Batteries are key to clean energy — and they just got much cheaper

This is a solar cell panel array in Manchester, Vermont, USA. Photo by MarkBuckawicki Creative Commons CC0 1.0 Universal Public Domain Dedication

Batteries are critical for our clean energy future. Luckily, their cost has dropped so low, we might be much closer to this future than we previously thought.

In a little less than a year, the cost of lithium-ion batteries has fallen by 35 percent, according to a new Bloomberg New Energy Finance report. Cheaper batteries mean we can store more solar and wind power even when the sun isn’t shining or wind isn’t blowing. This is a major boost to renewables, helping them compete with fossil fuel-generated power, even without subsidies in some places, according to the report. Massive solar-plus-storage projects are already being built in places like Florida and California to replace natural gas, and many more are on the way.

The new battery prices are “staggering improvements,” according to Elena Giannakopoulou, who leads the energy economics group at Bloomberg NEF. Previous estimates anticipated this breakthrough moment for batteries to arrive in late 2020, not early 2019.

According to the report, the cost of wind and solar generation is also down sharply — by between 10 to 24 percent since just last year, depending on the technology. These numbers are based on real projects under construction in 46 countries around the world.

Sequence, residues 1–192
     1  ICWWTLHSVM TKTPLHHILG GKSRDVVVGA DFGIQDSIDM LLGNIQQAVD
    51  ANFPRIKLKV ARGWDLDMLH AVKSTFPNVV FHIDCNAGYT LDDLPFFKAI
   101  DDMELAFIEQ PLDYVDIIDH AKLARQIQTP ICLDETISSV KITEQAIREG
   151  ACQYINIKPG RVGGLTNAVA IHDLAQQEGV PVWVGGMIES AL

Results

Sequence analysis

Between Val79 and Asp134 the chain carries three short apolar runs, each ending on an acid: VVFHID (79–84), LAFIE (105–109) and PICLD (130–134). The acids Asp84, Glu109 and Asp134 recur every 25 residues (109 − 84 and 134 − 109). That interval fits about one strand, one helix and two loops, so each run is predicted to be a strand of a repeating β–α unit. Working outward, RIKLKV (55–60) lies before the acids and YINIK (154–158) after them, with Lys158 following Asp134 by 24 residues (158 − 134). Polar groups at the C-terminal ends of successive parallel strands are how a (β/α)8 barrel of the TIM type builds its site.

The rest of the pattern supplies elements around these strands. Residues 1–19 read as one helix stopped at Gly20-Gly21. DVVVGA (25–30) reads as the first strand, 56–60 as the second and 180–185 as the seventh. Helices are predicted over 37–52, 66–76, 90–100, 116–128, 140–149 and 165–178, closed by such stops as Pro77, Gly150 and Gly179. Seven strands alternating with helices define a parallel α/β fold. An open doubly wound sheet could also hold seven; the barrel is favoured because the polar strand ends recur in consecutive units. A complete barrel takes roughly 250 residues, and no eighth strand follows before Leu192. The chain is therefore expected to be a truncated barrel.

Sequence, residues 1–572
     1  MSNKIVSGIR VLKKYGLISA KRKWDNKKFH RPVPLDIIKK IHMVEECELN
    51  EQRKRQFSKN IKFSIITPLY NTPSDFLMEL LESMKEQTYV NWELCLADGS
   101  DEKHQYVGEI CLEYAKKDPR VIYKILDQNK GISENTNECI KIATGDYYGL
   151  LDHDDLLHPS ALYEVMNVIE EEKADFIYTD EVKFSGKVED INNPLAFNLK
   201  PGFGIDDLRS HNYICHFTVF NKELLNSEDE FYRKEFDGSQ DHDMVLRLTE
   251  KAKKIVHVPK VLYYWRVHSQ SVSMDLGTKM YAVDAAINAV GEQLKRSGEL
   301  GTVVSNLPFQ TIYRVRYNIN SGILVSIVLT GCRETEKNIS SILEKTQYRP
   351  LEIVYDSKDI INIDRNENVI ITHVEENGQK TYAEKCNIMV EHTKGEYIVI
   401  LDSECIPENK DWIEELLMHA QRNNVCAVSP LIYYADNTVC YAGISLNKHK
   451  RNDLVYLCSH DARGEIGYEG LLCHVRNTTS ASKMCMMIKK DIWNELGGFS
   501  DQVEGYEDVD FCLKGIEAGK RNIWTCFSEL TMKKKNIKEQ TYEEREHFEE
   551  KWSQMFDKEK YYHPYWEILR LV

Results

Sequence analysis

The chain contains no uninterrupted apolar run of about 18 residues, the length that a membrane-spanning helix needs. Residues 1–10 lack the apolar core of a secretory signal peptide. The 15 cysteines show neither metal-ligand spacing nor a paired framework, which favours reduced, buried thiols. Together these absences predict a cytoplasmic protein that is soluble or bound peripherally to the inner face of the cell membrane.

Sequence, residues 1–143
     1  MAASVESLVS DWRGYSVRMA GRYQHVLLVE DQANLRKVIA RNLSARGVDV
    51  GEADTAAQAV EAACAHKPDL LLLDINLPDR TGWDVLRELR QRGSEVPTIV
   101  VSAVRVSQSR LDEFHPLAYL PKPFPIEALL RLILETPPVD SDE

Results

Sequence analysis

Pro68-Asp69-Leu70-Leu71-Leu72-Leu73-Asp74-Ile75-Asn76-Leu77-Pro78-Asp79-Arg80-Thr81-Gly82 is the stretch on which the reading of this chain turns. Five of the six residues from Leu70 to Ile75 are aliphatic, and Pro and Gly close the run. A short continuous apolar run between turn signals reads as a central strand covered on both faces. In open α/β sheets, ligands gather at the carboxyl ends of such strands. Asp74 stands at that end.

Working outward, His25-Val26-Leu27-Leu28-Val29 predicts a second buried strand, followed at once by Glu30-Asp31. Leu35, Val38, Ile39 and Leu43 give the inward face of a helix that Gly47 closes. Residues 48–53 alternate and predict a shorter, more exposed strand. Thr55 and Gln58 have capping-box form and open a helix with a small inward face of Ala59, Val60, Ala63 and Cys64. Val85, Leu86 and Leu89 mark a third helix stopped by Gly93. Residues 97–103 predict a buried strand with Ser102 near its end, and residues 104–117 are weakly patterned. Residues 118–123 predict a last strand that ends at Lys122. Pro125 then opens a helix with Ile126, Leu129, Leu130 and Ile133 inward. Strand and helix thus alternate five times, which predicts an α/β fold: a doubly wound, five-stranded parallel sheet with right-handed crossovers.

The lower battery prices have big implications for electric cars, too. There’s a key cost threshold of about $100 per kilowatt hour, the point at which electric vehicles would be cheap enough to quickly supplant gasoline. At this rate, we’ll reach that in less than five years.

Now that cheap batteries are finally here, we’re well on our way to electric modes of transportation and always-on renewable energy — and not a moment too soon.

What’s driving the plunge? Giannakopoulou cites “technology innovation, economies of scale, stiff price competition and manufacturing experience.” Other storage methods, like pumped hydro, still account for the vast majority of energy storage capacity, but lithium-ion batteries are much more flexible and don’t require specific locations or environmental conditions to work. Like everything in the built environment, lithium-ion batteries also require mining and manufacturing. There’s still a chance that some new exotic battery technology will quickly supplant lithium-ion, but its ubiquity and — now — cheapness will be hard to beat. MORE

Tell Our Politicians: Pollution Can’t be Free


Air pollution over London. Photograph: Nick Ansell/PA

Climate change is the greatest risk to human health. For younger Canadians to thrive, we need to do everything we can to stop Earth from warming more than 1.5°C. The good news: one of the most important actions we can take is pretty common sense → don’t let pollution be free. It’s time to recognize that pricing pollution is a health intervention.

We call on our politicians to put a high price on carbon, to use the revenue to make other aspects of life healthier and more affordable, and to help Canadians make good money as we transition to a green economy. 😎

Our kids will thank us. SIGN THE PETITION

9 Renewable Energy Highlights of 2018

Image result for Wind farm with solar panels in southern California. 4kodiak / E+ / Getty Images

Despite the Trump administration’s ongoing attempts to prop up coal and undermine renewables—at FERCEPA and through tariffs and the budget process—2018 should instead be remembered for the surge in momentum toward a clean energy economy. Here are nine storylines that caught my attention this past year and help illustrate the unstoppable advancement of renewable energy and other modern grid technologies. MORE